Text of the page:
Sunday, July 29, 2007

You Eat What You Are

I know the saying is, you are what you eat, but I recently heard
something suggesting the opposite is also true.

Sandy has been reading this book that explains each person,
depending on their blood type, should eat certain kinds of food
in order to feel their best. (Some of you may have already read it-
I think it has been around for awhile.) She said it described her
to a tee. Then, she sent me a photocopy of a chart that kind of
sums up the blood type-diet combos they suggest based on
their findings.

David and I instantly identified with what it said about us. It
described the preferences we each have toward food and exercise
perfectly. It's really interesting to me that our blood type can
drive that -- I just always chalked it up to taste buds or personal
preference. It turns out that certain foods make different people
feel better and work better with the inherent nature systems.
Now we know there's a biological reason for him wanting a fillet
or a chicken breast and me wanting black bean soup or Fattoush.
I've told David many times I prefer exercises that "center me" or
"work on my core", that those movements make me feel wonderful,
and that's exactly what this book suggests for my blood type! How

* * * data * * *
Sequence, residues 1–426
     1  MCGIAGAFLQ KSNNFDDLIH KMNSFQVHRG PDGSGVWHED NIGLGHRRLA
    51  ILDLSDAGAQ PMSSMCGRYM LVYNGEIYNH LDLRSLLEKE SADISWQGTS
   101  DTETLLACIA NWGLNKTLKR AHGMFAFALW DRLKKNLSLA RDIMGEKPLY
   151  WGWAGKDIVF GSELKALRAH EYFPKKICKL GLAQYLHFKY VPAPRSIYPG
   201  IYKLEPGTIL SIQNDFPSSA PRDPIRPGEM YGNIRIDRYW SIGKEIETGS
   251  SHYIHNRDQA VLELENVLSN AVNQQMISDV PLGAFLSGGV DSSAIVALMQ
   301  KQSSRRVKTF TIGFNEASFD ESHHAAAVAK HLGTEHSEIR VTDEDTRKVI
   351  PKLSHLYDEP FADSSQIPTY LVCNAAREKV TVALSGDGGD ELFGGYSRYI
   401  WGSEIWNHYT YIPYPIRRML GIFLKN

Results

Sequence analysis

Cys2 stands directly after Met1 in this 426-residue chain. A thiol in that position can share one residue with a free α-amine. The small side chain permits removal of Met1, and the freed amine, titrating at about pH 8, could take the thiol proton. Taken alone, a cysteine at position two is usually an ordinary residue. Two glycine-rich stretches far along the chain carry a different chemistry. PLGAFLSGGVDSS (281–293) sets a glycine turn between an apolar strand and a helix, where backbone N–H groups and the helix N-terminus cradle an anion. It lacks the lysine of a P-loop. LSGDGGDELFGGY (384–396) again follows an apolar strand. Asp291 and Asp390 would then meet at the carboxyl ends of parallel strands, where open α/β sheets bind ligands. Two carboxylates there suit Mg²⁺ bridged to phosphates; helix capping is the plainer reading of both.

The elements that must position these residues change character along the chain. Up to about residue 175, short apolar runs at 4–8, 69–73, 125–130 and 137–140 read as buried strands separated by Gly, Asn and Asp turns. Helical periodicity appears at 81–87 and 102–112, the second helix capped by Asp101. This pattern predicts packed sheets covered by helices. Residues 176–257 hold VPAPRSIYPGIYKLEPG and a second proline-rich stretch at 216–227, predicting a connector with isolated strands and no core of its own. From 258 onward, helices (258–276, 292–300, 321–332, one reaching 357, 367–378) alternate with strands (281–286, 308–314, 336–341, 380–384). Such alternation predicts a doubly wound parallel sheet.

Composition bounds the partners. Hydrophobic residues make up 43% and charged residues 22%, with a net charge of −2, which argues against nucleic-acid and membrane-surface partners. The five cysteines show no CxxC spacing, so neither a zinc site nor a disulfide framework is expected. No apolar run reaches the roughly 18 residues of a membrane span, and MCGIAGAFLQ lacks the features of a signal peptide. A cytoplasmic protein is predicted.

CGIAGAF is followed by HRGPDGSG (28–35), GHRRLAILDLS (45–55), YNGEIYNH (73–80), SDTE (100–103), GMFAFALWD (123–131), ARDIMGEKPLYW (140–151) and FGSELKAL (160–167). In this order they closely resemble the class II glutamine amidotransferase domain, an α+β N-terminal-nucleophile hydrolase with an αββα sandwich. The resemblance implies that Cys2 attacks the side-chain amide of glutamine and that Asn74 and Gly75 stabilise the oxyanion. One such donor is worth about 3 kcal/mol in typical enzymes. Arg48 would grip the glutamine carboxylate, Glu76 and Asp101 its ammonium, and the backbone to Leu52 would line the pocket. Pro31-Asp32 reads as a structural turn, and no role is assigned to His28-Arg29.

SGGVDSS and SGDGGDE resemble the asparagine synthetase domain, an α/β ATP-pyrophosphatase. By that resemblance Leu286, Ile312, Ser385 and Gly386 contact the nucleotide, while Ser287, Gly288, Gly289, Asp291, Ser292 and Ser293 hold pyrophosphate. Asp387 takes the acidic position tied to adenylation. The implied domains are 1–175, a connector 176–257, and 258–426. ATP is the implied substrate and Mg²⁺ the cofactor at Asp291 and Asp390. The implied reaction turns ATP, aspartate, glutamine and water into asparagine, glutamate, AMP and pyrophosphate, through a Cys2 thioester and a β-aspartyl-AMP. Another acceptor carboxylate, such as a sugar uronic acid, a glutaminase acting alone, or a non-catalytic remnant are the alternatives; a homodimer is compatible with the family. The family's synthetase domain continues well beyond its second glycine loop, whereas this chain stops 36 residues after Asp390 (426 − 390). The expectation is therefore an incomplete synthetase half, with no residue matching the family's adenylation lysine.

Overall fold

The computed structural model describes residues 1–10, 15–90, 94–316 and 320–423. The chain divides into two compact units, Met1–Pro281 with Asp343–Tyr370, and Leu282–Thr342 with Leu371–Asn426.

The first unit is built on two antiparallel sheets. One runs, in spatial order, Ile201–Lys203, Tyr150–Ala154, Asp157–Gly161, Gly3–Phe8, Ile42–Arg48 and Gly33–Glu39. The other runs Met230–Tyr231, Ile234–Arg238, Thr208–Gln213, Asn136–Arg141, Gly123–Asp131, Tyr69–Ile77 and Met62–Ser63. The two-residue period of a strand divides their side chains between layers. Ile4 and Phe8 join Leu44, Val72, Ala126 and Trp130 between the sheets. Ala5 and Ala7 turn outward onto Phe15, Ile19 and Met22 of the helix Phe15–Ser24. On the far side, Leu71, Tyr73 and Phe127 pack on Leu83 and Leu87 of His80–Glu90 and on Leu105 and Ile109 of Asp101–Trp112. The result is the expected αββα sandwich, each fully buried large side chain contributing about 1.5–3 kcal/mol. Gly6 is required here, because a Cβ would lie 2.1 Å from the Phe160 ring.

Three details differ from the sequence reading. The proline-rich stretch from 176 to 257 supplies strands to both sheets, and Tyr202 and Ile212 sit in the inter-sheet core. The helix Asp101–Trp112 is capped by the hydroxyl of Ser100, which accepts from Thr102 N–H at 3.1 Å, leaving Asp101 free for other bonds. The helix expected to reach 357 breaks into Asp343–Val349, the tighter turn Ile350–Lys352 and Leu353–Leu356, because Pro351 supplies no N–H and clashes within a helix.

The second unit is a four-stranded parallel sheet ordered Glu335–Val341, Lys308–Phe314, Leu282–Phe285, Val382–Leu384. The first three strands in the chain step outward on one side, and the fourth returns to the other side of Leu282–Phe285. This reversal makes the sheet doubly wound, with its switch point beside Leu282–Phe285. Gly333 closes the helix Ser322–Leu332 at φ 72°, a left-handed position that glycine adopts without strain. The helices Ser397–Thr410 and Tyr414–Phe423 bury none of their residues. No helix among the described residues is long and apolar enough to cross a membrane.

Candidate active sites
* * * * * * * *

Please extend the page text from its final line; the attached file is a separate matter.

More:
crazy is that? It says living wrong for your blood type can exacerbate
physical problems your body is prone to, and they recommend certain
supplements each blood type should consider taking, as well.

I thought this was interesting and worth sharing with my adult friends,
but I also thought it would be a good thing for parents to know. Your little
ones might not be able to articulate that their bodies feel better after eating
certain things -- especially the littler ones who aren't talking yet.
After watching Aaron's kids, I guarantee they have different blood types
from one another. We sat down to breakfast one time and they were really
hungry, so they kind of dove into their food -- one went straight for the eggs
and the other for pancakes. We both noticed it and I remember Aaron saying
that their 'bodies need different things'. They like different physical activities,
too. Aidan is more into sports like swimming and golf while Catherine is more
physically intense. A lot of that is personality and other things besides the
biological, but it appears the physical might be part of what determines that.
I don't have kids, but I think I would want to know about this if I did so I
could create opportunities for them to do and eat according to what they're
probably drawn to.

Okay, without further adue...

The book is entitled, 4 Blood Types, 4 Diets
Eat Right For Your Type; The Individualized
Diet Solution to Staying Healthy, Living Longer
& Achieving Your Ideal Weight

The Hunter - strong, self-reliant, leader

Strengths: Hardy digestive tract, strong immune
system, natural defense against infections, system
designed for efficient metabolism
and preservation of nutrients

Weaknesses: Intolerant to new dietary environment
conditions, immune system can be overactive and
attack itself

Medical Risks: Blood clotting disorders, inflammatory
diseases like arthritis, low thyroid production, ulcers,

Diet Profile: High protein meat eaters with a focus
on meat, fish, vegetables, fruit. Should limit amounts